Mark your calendars for my panel “Let’s Talk About Mental Health” on Thursday August 4 at 10:05am EST.

I’ll be moderating the “Let’s Talk About Mental Health” panel featuring authors Ted Anderson, Matthew Dawkins, Lizzy Mason, and Amber McBride on Thursday May 4 at 10:05am EST.

SLJTeen Live! Let's Talk About Mental Health Panel Description

 

These books cover the topics relevant to so many teens (and adults!) today. Listen and learn about these teens and their stories on mental health.

Details including the full program schedule and how to register can be found on the SLJTeen Live! home page.

Here’s more about all of the authors:

Ted Anderson author bio Matthew Dawkins author bio Lizzy Mason, Amber McBride author bios

 

And my bio because why not?

Emma speaker bio SLJ DoD May 19

See you there!

 

The Book Eaters: A Review

“We can only live by the light we’re given. And some of us are given no light at all. What else can we do but learn to see in the dark?”

The Book Eaters by Sunyi DeanDevon grows up surrounded living in a manor house on the Yorkshire Moors with her family; they are always focused on tradition, on appearances, on the Family above all.

Being part of her family comes with its own responsibilities. Boys will grow up to be patriarchs or leaders, they’ll train to become the Knights who carefully manage marriages between book eaters to prevent inbreeding. Girls are a rarer commodity among the book eaters, precious. With only six girls between the Families, every one is expected to do her duty producing two children from two different husbands to help propagate the species.

Raised as a princess, eating fairytales and cautionary tales like every female book eater, Devon knows her role from a young age as clearly as she knows she craves different stories to eat. It isn’t the life she wants but, for a book eater girl, it’s the only life there is.

Prepared to do her part until her childbearing years end with the early menopause endemic to their species, Devon plans to stay detached and bide her time until she’s free. But nothing goes according to plan once she holds her first child.

Book eaters have never been known for their creativity but when her son is born not as a book eater but as a much more dangerous–and much more expendable–mind eater, Devon is determined to do everything she can to imagine a new ending for both of them in The Book Eaters (2022) by Sunyi Dean.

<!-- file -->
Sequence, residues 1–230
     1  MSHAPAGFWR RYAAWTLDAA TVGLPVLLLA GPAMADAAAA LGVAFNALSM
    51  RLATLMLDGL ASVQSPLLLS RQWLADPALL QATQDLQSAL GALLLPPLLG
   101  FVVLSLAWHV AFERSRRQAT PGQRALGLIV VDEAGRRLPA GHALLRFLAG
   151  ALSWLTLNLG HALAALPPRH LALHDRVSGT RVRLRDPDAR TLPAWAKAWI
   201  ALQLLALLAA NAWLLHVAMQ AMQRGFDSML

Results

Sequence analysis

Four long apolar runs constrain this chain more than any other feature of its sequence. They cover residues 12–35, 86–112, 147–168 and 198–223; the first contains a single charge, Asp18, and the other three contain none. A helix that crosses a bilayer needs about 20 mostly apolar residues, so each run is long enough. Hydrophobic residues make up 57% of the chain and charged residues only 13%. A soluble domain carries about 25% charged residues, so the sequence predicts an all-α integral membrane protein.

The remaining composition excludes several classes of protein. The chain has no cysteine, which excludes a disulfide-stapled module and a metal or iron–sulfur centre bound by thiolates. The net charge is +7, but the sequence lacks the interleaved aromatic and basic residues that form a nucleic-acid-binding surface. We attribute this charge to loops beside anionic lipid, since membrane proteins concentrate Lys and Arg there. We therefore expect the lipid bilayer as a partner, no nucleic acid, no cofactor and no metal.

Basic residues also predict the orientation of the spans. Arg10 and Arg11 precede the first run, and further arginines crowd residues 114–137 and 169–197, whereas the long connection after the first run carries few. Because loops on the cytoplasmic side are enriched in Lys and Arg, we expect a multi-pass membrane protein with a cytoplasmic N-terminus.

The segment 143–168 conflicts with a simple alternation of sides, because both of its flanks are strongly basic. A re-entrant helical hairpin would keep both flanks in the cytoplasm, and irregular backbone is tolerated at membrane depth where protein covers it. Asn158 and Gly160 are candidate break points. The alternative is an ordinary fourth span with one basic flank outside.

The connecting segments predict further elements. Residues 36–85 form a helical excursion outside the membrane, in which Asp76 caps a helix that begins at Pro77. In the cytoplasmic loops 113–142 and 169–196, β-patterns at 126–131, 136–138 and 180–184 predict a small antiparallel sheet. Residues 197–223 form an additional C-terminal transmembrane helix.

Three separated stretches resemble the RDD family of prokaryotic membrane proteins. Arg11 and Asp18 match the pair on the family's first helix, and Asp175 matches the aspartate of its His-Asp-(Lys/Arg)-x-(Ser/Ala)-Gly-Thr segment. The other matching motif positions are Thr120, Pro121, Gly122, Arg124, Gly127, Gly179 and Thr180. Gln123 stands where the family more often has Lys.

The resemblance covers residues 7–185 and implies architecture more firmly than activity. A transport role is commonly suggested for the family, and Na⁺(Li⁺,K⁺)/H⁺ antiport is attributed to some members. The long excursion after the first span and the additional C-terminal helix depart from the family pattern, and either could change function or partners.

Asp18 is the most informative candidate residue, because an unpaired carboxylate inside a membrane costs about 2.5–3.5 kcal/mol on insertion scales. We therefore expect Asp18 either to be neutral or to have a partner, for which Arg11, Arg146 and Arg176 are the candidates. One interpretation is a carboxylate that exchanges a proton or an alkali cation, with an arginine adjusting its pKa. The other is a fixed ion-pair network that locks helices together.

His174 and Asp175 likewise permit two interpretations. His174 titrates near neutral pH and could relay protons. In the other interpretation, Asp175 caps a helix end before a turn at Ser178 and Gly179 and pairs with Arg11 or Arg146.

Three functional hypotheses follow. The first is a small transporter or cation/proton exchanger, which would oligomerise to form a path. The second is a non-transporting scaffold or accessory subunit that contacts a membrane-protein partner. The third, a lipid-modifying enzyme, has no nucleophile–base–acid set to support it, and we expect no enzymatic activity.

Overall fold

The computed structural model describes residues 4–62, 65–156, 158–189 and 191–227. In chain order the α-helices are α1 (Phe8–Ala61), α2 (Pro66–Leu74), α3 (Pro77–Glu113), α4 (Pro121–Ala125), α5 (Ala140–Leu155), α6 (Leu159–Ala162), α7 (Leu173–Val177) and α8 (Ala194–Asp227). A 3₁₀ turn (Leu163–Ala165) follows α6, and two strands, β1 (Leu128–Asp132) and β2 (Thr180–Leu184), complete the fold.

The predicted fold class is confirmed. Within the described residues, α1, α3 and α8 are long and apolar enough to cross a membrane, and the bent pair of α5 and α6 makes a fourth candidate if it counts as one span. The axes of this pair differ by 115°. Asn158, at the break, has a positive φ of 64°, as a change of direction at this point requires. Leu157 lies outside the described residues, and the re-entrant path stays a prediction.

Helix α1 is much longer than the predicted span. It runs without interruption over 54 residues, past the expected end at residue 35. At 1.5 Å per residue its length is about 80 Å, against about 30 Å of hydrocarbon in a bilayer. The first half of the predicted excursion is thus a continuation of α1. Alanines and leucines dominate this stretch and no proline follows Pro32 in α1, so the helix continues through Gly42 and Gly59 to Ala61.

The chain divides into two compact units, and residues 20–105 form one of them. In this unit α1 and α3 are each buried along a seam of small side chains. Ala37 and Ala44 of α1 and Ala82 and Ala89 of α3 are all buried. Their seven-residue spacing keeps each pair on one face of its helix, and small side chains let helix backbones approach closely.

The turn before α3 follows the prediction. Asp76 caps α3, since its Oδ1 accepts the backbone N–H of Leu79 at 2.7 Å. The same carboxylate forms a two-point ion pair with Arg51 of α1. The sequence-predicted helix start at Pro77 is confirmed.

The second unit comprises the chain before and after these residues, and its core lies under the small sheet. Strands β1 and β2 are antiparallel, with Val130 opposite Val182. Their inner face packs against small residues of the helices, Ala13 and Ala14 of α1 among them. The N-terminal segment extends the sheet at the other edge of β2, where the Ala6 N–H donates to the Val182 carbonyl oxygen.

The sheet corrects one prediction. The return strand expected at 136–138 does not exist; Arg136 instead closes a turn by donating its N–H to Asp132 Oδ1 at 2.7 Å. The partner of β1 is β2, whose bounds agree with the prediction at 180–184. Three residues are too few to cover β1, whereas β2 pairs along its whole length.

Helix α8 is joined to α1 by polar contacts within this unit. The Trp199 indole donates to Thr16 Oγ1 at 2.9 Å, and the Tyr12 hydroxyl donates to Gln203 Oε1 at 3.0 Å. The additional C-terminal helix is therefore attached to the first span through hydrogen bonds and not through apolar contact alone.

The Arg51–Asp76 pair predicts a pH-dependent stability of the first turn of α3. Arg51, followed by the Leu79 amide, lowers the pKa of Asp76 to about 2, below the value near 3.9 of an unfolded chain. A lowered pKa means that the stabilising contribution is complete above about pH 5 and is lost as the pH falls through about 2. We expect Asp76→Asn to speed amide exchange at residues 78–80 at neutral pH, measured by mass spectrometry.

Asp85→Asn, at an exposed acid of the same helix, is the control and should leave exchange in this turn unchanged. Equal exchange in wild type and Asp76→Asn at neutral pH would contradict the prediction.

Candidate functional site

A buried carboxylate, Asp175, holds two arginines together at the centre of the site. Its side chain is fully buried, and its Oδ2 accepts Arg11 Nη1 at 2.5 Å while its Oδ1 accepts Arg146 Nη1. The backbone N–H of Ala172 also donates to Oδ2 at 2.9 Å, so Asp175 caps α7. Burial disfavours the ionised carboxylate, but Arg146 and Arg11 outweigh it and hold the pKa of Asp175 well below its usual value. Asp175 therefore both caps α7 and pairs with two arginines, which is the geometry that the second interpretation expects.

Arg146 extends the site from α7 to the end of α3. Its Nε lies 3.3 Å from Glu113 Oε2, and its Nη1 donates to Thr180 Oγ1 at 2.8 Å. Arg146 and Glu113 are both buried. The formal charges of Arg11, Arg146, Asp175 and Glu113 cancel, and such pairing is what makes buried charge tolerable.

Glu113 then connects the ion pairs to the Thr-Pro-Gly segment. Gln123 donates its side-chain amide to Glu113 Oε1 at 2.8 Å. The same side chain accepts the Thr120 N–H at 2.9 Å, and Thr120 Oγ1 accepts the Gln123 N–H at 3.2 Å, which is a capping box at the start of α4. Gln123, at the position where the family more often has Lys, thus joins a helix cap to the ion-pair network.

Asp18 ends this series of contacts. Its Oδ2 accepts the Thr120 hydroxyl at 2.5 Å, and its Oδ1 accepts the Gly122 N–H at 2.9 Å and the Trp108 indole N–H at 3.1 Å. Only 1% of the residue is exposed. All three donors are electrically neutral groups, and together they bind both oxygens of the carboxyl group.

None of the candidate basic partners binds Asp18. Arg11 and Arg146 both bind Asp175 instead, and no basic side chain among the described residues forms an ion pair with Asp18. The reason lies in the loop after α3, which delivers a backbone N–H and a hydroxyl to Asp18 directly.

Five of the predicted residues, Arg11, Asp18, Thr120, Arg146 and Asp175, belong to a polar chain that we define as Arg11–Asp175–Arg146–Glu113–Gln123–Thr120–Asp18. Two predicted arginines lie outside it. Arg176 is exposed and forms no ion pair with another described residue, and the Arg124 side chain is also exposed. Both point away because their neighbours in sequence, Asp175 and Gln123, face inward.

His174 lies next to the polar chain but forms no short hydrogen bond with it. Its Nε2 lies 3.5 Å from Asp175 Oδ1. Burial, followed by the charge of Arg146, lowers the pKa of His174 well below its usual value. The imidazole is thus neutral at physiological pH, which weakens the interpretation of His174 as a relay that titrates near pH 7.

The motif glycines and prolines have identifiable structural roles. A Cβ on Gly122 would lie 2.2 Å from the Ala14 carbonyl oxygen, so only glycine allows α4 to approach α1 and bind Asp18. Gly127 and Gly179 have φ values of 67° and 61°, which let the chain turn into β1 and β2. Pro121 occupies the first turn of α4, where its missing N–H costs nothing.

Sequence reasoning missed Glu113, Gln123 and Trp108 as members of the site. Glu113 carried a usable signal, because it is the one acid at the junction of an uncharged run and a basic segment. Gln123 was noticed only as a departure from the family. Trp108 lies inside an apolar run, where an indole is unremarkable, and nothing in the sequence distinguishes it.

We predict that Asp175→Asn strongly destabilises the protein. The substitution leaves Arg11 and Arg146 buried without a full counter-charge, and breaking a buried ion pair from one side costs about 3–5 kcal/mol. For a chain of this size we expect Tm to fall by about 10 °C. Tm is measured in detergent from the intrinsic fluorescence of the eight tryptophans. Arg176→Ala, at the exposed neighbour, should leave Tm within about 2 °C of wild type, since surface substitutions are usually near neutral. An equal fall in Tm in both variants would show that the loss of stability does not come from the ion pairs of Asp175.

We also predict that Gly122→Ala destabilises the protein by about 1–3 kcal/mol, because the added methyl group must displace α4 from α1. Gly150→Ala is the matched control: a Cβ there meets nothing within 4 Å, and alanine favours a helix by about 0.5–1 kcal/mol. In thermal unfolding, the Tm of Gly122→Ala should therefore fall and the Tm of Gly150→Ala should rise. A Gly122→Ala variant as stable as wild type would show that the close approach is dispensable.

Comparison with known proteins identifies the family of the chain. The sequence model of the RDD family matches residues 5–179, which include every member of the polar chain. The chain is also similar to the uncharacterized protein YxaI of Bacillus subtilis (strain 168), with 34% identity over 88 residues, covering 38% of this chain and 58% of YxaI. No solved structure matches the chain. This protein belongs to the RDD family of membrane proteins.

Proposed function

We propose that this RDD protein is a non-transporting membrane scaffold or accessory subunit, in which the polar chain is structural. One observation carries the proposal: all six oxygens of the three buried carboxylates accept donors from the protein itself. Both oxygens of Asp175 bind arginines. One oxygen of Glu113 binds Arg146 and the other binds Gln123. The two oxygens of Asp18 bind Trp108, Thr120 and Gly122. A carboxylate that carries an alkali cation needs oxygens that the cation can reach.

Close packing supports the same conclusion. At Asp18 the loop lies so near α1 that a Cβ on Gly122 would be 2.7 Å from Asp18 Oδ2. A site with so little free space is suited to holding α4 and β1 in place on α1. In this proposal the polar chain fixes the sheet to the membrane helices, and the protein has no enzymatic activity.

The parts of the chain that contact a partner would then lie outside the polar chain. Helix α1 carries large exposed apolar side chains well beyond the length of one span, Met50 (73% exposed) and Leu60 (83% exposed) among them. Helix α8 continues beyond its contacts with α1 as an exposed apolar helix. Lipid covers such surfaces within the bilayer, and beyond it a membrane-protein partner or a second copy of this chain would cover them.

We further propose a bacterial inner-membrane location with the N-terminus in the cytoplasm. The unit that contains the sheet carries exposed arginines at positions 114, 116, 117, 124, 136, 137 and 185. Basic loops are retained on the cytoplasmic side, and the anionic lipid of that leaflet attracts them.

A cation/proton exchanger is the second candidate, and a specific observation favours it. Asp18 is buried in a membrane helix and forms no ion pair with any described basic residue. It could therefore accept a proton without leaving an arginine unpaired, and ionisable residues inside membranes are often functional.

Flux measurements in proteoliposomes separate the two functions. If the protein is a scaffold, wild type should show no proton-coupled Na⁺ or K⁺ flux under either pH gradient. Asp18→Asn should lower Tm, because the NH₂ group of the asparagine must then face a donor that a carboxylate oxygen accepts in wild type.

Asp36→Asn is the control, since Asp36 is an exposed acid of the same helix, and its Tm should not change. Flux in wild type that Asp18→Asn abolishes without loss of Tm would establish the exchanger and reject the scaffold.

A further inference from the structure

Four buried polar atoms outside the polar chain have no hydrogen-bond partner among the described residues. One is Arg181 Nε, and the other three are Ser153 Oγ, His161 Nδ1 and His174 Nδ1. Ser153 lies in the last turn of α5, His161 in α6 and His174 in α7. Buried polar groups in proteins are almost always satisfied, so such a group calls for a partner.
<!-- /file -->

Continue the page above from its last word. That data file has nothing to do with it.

Find it on Bookshop.

The Book Eaters is Dean’s debut novel. The audiobook, as narrated by Katie Erich, brings Devon’s Yorkshire tyke to life.

Devon’s Family is of Romanian descent, most characters are assumed white. Devon’s sexuality as a lesbian–and another character’s asexuality–becomes central to the plot as Devon questions her narrowly defined role within the constraints of book eater society.

With its focus on bodily autonomy and personal freedom, The Book Eaters is surprisingly prescient. Dean does not shy away from scenes of assault on the night of Devon’s first “wedding” nor from disconcerting depictions of what exactly happens when a mind eater feeds making for a timely but often unpleasant narrative.

In a society of creatures who are stronger and more dangerous than humans, Devon and other characters are forced into difficult choices for their survival. This focus leads to a fast paced story interspersed with ethical quandaries of who can qualify as a hero or a villain and, more relevantly, who is worth saving.

The Book Eaters is a grim adventure with abundantly original world building; a story about the lengths we’ll go to protect family–found and otherwise.

Possible Pairings: Three Dark Crowns by Kendare Blake, The Bone Witch by Rin Chupeco, Half Bad by Sally Green, The Library at Mount Char by Scott Hawkins, Only a Monster by Vanessa Len, This Savage Song by V. E. Schwab

*An advance copy of this title and an ALC of this title from Libro.fm was provided by the publisher for review consideration*

Week in Review: July 23

Blog Posts:

My Week:

New York is currently in a heat wave and boy does it show. Stay cool, stay hydrated.

Event Recap: It’s in the Air Panel at SLJ Day of Dialog May 19

On May 19, 2022 I got to moderate a panel at School Library Journal’s latest Day of Dialog. (Read my intro post about the panel here: https://wp.me/p6kfM-avR)

SLJ DoD is a full day of author talks, panels, and more. And it’s free and virtual.

My panel was “It’s in the Air” featuring authors Kacen Callender, Jas Hammonds, Susan Lee, and Maya Prasad (Rhiannon Wilde was scheduled but unfortunately couldn’t make it) talking about their stories, romance and identity.

Here are some stills from the panel:

As you can imagine from the stills, it was a great time. Be sure to add all of these authors to your to read list and watch my blog for reviews of these amazing titles.

If your interested is piqued you can watch the panel online.

Sad you missed this panel and the other sessions? You can still register and watch the day’s events for another month.

Sherwood: A Chick Lit Wednesday Review

“Who are you to say that being a lady, in itself, is not its own kind of war?”

Sherwood by Meagan SpoonerWhen Robin of Locksley dies fighting in the Crusades for his king, it leaves Marian’s entire future uncertain. For years, Marian knew she would marry Robin and stand beside him when he became Lord of Locksley. They would make a life together, the way they had always planned, and they would protect Locksley town and its residents from the Sheriff of Nottingham. Together.

Now Marian is painfully aware of her uncertain future. Guy of Gisborne serves as the sheriff’s right hand. He hopes to cement his place as a gentleman first by laying claim to Locksley land and then by claiming Marian herself.